On December 10, 2022, the Chippewa River Writing Project hosted a free continuity event: NCTE Comes to the CRWP. Teacher consultants from the CRWP who presented at the NCTE Annual Convention in November shared their presentations with us. This is the second post in a three-part series describing the presentations from our TCs.
Sharing the insights from one of his students, Andy Schoenborn described the way that she talked about his course. “Schoenborn,” she said, “I haven’t read a book in years, or written anything longer than a few sentences in forever. Your class is like scaling a mountain!” And, with that, Andy invited us into his reading and writing workshop, borrowing an opening question from a CRWP colleague, Travis Crowder, “Where does writing come from?” (For more insights from Travis, view his February 2022 webinar, “Leaning into Invitations and Appreciation.”)
For Andy, writing comes from one’s own lived life. And, in his teaching context, this question helps Andy’s students — who often feel as if they do not have anything to contribute to the conversation — begin to see themselves as writers and find their voice. Drawing ideas from Chavez’s book, The Anti-Racist Writing Workshop (2021), Andy reminded us that “Writing is a relationship with the self, after all. It’s a ritual of tuning in and listening to the language inside of us” (Chavez, p. 98). As he has for many years, Andy still relies on poetry as a way to invite his own students into poetry.
He invited us to contribute our own “writing comes from” responses into a “tumble down” response by modeling his own writing in a Google Doc. Having already written in a stream-of-consciousness manner, Andy then took his initial paragraph of writing in the Google Doc and began placing hard returns to separate lines. He also added indents to some lines and, in an e.e. cummings-like style, even separated single letters of some words with the hard returns, pushing them down the page. After modeling this process for us, Andy invited us to return to our writing and try tumbling down our own words. (For more on this “tumble down” strategy, see Andy’s April 2022 blog post on Ethical ELA.)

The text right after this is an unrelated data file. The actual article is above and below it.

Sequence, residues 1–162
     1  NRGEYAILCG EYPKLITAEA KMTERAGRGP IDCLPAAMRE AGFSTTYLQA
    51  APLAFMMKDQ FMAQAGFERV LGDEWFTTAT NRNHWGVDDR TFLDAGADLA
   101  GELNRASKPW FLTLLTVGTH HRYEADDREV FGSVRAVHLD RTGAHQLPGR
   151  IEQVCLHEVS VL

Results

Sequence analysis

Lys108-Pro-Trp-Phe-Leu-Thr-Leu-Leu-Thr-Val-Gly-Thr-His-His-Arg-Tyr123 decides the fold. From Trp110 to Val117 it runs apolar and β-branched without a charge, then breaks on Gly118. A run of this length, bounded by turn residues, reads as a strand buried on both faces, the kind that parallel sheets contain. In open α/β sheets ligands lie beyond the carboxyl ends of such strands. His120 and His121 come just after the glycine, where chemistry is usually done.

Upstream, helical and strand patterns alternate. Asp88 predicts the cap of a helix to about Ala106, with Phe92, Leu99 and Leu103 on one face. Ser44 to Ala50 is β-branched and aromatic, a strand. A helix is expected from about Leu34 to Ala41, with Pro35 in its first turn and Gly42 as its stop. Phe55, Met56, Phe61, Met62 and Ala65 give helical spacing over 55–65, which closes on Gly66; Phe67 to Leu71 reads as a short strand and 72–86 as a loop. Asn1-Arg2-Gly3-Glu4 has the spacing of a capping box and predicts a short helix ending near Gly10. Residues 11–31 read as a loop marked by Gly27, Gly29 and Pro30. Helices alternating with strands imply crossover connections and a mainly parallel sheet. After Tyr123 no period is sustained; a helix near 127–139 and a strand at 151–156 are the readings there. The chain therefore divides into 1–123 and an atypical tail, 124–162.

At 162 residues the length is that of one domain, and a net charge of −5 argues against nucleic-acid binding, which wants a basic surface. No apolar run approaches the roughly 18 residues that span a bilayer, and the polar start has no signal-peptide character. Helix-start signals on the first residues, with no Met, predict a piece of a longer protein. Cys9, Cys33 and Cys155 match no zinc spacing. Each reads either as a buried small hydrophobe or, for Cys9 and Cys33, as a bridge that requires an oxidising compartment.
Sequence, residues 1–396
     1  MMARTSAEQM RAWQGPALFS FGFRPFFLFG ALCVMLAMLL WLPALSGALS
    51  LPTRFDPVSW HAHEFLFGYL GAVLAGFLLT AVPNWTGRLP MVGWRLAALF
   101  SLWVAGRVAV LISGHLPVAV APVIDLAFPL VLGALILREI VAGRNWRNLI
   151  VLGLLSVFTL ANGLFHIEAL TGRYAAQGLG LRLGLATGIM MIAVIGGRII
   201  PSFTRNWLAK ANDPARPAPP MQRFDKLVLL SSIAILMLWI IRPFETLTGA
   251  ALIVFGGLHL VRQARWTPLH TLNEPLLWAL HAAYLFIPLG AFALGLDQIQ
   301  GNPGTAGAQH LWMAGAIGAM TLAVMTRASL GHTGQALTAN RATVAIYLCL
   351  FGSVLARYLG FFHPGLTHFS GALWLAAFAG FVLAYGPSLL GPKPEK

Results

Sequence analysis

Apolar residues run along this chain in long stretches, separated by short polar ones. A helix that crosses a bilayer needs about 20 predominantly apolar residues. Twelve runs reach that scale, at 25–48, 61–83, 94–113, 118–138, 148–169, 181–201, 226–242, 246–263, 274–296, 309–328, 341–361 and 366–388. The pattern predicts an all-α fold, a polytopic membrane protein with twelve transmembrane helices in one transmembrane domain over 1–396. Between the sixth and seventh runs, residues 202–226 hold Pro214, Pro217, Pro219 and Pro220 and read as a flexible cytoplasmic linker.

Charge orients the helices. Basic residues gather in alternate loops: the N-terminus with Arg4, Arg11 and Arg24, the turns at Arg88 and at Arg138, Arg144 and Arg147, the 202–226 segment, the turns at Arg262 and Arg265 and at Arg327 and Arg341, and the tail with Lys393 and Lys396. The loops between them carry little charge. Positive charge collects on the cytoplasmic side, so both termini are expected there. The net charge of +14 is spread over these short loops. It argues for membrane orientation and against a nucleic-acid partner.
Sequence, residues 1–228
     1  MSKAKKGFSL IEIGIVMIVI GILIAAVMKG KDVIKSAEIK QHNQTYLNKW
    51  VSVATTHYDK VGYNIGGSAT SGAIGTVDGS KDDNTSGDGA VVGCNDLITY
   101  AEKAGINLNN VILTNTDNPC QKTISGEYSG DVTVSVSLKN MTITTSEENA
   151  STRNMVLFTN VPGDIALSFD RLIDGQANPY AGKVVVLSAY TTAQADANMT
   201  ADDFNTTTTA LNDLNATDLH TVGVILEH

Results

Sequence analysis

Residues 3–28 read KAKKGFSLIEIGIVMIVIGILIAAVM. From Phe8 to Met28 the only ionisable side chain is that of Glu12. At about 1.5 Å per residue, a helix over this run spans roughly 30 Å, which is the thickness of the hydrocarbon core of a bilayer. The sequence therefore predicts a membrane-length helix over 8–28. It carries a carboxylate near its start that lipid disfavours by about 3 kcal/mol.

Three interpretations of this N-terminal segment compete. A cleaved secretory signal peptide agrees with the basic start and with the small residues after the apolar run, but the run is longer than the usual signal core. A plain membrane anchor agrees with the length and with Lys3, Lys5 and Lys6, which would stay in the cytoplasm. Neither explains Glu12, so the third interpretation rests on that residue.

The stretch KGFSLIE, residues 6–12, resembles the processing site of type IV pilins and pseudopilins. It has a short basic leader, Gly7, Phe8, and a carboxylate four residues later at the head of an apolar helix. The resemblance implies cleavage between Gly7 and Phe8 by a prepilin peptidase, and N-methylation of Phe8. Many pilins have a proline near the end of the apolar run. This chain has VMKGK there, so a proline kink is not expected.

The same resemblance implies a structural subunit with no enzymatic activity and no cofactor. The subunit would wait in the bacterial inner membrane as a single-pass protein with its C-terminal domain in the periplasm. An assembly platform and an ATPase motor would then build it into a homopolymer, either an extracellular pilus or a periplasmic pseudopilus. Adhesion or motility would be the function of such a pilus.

In the second half of his session, Andy invited us into his classroom, sharing his students’ deep dislike — some went so far as to say “hate” — for reading and writing. Yet, as Andy continues to work with his students, he continues to offer invitations, as described in his book, Creating Confident Writers (2020). These invitations come from a variety of sources, including Button Poetry, #Verselove, and his own collection of curated student work, Live Write. Through all this work, Andy relies on the Framework for Success in Postsecondary Writing and its “habits of mind” such as curiosity, persistence, and flexibility as guiding principles for his work with students.
From there, he reminded us that poems are inherently multimodal, and can invite students to focus on various modes in their composing process including the linguistic, visual, aural, spatial, and gestural modes. In addition to sharing videos of spoken word poets in action, Andy also has his own “Featured Poet Friday” where students are invited to share a spoken word poem, and the recording is shared through district-level email newsletters. Reminding us of the power of poetry, Andy quotes Patrice Vecchione, from her book, My Shouting, Shattered, Whispering Voice:
“Writing poems is a way to uncover what most needs to be uncovered — to loosen the tongue in solitude, to make connections that can’t be made in conversation. Poems are made of questions more than answers.” (Vecchione, p. xiii-xiv)
As he concluded, Andy encouraged participants to simply “let students write,” and in doing so they will get to deeper, more personal levels than they may have ever achieved in the past. We can invite students to move well beyond the typical kinds of school writing and, instead, help them to scale mountains.